“Political peaking cold occur well before geological peaking,” Hirsch told the conference.

Hirsch doubts that the world can keep increasing oil flows for much longer. “CERA sees a long plateau ahead,” he said. “But I can’t find a plateau in the data I’m looking at.” The downturn, when it comes, could take the world by surprise. “Peaking could come with little warning and sharp declines,” he said.

Luis de Sousa' Impressions

For the first time since 1997 I missed the climb to L’Alp d’Huez, and I’ll probably know the results only tomorrow by the papers. But that’s for a good reason; I’m at the ASPO 5! (the cycling loving folks will understand).

It’s quite awkward being among the big ‘Peak Oil’ names: Laherrere, Campbell, Hirsch, Aleklett, you name them, they’re all almost here. I’m overflowing with information.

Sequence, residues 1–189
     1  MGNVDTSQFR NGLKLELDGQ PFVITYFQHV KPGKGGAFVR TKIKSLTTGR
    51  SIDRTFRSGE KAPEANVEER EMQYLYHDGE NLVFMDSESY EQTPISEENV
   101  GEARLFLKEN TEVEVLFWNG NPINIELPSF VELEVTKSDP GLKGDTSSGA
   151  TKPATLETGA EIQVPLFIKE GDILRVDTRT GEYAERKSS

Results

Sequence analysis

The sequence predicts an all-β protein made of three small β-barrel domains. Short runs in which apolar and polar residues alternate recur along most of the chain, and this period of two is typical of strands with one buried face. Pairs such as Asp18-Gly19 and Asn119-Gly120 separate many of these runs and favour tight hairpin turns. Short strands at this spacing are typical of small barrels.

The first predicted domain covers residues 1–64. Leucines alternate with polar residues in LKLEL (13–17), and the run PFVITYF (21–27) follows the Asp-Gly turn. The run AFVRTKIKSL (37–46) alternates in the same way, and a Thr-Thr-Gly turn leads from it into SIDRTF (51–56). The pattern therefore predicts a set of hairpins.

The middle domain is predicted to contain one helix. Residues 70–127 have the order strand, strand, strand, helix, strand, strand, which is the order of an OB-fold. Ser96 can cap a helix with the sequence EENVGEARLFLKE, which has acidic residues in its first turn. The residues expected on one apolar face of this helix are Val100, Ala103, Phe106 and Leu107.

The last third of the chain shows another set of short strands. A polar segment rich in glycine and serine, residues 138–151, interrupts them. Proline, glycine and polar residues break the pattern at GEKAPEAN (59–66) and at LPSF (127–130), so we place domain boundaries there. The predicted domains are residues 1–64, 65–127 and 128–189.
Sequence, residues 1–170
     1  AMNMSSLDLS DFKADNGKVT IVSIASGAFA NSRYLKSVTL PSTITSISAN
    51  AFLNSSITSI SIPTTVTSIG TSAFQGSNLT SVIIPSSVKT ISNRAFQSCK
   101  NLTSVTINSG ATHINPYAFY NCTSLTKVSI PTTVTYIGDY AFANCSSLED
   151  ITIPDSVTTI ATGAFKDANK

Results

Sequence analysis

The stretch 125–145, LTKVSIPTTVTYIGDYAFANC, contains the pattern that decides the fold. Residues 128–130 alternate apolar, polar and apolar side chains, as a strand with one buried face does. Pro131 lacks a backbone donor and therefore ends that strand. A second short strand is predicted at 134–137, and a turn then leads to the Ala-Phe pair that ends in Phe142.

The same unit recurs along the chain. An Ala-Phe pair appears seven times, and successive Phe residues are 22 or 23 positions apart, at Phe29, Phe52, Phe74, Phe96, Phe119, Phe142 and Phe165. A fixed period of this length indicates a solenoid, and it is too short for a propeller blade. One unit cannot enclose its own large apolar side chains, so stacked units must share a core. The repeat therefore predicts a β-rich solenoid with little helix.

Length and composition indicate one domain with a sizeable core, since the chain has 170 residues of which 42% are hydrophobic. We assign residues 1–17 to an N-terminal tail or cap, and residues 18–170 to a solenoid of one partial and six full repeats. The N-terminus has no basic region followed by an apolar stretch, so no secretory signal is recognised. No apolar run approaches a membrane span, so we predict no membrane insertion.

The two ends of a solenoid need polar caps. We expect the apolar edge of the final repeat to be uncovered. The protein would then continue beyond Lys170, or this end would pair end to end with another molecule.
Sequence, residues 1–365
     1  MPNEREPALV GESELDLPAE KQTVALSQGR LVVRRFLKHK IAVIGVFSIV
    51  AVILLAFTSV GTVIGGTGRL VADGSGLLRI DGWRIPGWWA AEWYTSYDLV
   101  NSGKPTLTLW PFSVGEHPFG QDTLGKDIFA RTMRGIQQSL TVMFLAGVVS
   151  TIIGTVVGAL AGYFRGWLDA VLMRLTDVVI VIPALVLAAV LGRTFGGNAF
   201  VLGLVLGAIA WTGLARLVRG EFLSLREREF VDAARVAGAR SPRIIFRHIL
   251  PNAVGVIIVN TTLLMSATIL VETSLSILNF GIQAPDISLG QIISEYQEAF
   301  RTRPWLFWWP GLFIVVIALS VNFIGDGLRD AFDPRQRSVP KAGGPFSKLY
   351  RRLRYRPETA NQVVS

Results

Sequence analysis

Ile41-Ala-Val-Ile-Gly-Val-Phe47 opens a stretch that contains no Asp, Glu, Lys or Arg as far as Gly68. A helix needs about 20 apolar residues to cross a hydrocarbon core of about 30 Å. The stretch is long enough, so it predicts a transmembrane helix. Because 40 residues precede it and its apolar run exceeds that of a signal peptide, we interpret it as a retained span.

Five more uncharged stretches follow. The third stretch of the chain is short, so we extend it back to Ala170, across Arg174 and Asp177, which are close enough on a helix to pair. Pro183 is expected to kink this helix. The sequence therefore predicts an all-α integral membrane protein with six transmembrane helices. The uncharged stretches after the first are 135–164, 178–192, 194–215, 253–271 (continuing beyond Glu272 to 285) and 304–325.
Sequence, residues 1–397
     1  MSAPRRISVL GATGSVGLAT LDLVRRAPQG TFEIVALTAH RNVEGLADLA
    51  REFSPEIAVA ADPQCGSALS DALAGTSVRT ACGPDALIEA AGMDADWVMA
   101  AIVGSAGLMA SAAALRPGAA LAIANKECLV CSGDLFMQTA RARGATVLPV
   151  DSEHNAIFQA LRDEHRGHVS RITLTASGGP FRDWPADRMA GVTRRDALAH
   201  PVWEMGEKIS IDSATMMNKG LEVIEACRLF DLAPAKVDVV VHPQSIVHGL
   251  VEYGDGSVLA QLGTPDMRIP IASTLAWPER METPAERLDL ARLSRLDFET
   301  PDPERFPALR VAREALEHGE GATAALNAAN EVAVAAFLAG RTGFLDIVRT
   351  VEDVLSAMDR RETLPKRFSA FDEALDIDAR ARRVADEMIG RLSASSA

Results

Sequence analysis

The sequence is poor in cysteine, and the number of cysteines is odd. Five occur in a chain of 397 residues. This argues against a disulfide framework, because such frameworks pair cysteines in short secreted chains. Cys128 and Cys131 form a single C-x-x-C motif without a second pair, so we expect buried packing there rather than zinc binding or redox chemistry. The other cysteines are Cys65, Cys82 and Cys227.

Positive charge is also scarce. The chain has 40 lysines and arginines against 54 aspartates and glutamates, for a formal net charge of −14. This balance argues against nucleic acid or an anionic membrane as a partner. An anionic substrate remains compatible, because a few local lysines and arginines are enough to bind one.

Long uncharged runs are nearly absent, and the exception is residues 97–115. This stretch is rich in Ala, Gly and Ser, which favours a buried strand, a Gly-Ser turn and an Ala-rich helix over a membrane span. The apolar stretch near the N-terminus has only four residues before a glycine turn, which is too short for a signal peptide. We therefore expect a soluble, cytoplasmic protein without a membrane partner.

My main feeling is that a Peak Oil date is converging to the 2010 – 2012 time frame: Laherrere, Campbell, Skebrowski, Koopelar are just a few of the people pointing in that direction. As for the midpoint, or the peak in the mathematical Hubbert Curve, it was passed last year. Deffeyes can consider himself an historian now.

Laherrere believes that the difficulty in bringing additional oil in to the market will trigger an economic recession, transforming the next decade in a bumpy plateau – a series of increasingly worst “demand destruction” periods. I share his view.

So Peak Oil is stopping being about studying the Peak date, but figuring out solutions for the depletion period. And we’ve a lot of different paths being proposed, from more technical solutions (like Nuclear) to “sustainability” ones (like Renewables and Permaculture) to more social ones like the Depletion Protocol.

So I just wish everyone out there trying to project a future without (or with less) oil to take a look at what’s going at Pisa these days – and by the way good luck!

P.S. - It’s quite nice to have faces now associated with the nicknames used at TOD!

All the best for your Post-Peak-Oil future,